New report on cancer care across Europe reveals UK to be below average on cancer spend, survival rates and patient access to new medicines


The report highlights a pattern of wealthier European countries delivering higher survival rates

A new report by the Swedish Institute for Health Economics (IHE) has found that more people than ever across Europe are now surviving cancer.

Despite this, the report reveals the UK is spending less money on cancer care, has below average 5 year-survival rates and is generally found to still have some of the lowest uptake of new cancer medicines when compared with the five largest European economies.

IHE’s ‘Comparator Report on Patient Access to Cancer Medicines in Europe Revisited’ draws on a selection of data sources and updates a previous evidence base first published in 2005 on differences between European countries experiences in patient access to new cancer drugs.

Survival rates: The report highlights a pattern of wealthier European countries delivering higher survival rates, with the UK being a significant exception to this, where survival rates at just under 50% remain stubbornly below the European 5 year relative survival rate average of 54% (range 40% to 64%) (2000-2007), up from 47% (1990-1994).

Cancer care expenditure and healthcare budgets: In 2014 the average EU proportion of GDP spent on overall healthcare expenditure was 10.1%, and in the UK is 9.1%. Despite the increasing number of people being diagnosed, cancer expenditure as a proportion of overall healthcare expenditure across Europe has remained broadly stable at around 6% between 2002 and 2012. In the UK, this level of investment is below average, remaining unchanged at around 5%.

Whilst spending on cancer medicines has more than doubled during the last ten years, this has largely been offset by savings in moving care provision from hospital to outpatient and community based settings. This trend is supported by the ongoing development of more targeted and less toxic cancer medicines, oral treatments and supportive care medicines.

The impact of innovation on mortality rates: Whilst cancer incidence has continued to broadly rise across Europe, totalling 2.7 million cases in 2012, up by about 30% compared to 1995, during the same period mortality rates have increased by only around 11%. The latter being a significant achievement brought about by the advances in screening, diagnostics, treatments and medicines.

Access to innovative cancer medicines: The report reveals the impact of variable access to medicines for patients across different European countries with patients in some countries facing long delays to access treatments. The newest drugs (launched within the last 3 years) make up only 8% of total average cancer medicine sales across Europe, which varies between 4% and 11% per year in different countries. The UK is generally revealed to still have some of the lowest uptake of new cancer medicines compared with the five largest European economies, although there are exceptions where better progress has been made.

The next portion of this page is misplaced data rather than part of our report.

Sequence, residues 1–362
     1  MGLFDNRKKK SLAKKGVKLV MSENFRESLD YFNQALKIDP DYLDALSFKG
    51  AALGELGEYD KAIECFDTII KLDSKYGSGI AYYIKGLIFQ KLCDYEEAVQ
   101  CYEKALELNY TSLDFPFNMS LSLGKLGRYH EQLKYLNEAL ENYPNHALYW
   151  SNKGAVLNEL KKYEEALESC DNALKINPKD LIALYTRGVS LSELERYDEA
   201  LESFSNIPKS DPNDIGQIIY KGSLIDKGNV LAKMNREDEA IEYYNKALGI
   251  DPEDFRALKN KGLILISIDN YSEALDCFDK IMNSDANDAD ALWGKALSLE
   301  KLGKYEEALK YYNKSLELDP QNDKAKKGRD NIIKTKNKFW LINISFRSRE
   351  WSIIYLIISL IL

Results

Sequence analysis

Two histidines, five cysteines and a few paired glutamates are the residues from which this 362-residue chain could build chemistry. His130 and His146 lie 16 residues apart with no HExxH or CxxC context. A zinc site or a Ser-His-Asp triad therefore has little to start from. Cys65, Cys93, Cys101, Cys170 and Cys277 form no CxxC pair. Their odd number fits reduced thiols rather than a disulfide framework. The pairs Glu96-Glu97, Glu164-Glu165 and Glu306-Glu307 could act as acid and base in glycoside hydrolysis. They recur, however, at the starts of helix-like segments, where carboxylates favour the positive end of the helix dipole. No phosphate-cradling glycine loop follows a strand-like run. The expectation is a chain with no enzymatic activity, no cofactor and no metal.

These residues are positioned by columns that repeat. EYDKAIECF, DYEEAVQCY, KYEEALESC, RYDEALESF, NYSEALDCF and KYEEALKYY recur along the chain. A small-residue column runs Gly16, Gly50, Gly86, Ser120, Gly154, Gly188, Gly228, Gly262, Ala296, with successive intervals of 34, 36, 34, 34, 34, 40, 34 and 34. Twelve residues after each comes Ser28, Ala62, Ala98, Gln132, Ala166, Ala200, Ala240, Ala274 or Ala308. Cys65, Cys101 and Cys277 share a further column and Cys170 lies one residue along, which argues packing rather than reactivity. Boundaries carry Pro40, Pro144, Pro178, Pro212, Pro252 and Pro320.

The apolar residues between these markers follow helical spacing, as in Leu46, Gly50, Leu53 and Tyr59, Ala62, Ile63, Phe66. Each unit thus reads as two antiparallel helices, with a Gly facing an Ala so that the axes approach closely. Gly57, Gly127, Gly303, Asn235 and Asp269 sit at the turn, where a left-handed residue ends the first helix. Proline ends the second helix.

Commenting on the launch of the report, Dr Paul Catchpole, ABPI’s Value and Access Director said: 'Today’s report shows how innovations and developments in cancer medicines and therapies are starting to gradually transform some cancers from an acute to a chronic disease across Europe. The impact of these improvements is clear, both in terms of improving survival rates and the corresponding benefit that this delivers to society.'

The report highlights that the UK spends less on healthcare overall, less on cancer care and generally has lower access to new cancer medicines. We need to reflect on this given the stated ambition of government and the NHS to further improve UK cancer outcomes. It seems clear that healthcare professionals need access to as many treatment options as possible to best support UK patients on their cancer journeys. All partners in the cancer community need to work together to achieve this in a way that is sustainable, manageable and delivers the best possible patient outcomes. This is a challenge that will require flexible and responsive solutions,' he added.

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'UK-specific data sets from this work will be analysed in detail during the coming months and shared so that we can identify any necessary learnings and discuss these with the cancer community, and more broadly,' Paul concluded. The ABPI will produce a detailed UK analysis of the new data during the coming months and will be hosting a roundtable event with Cancer Research UK to identify learnings in September 2016.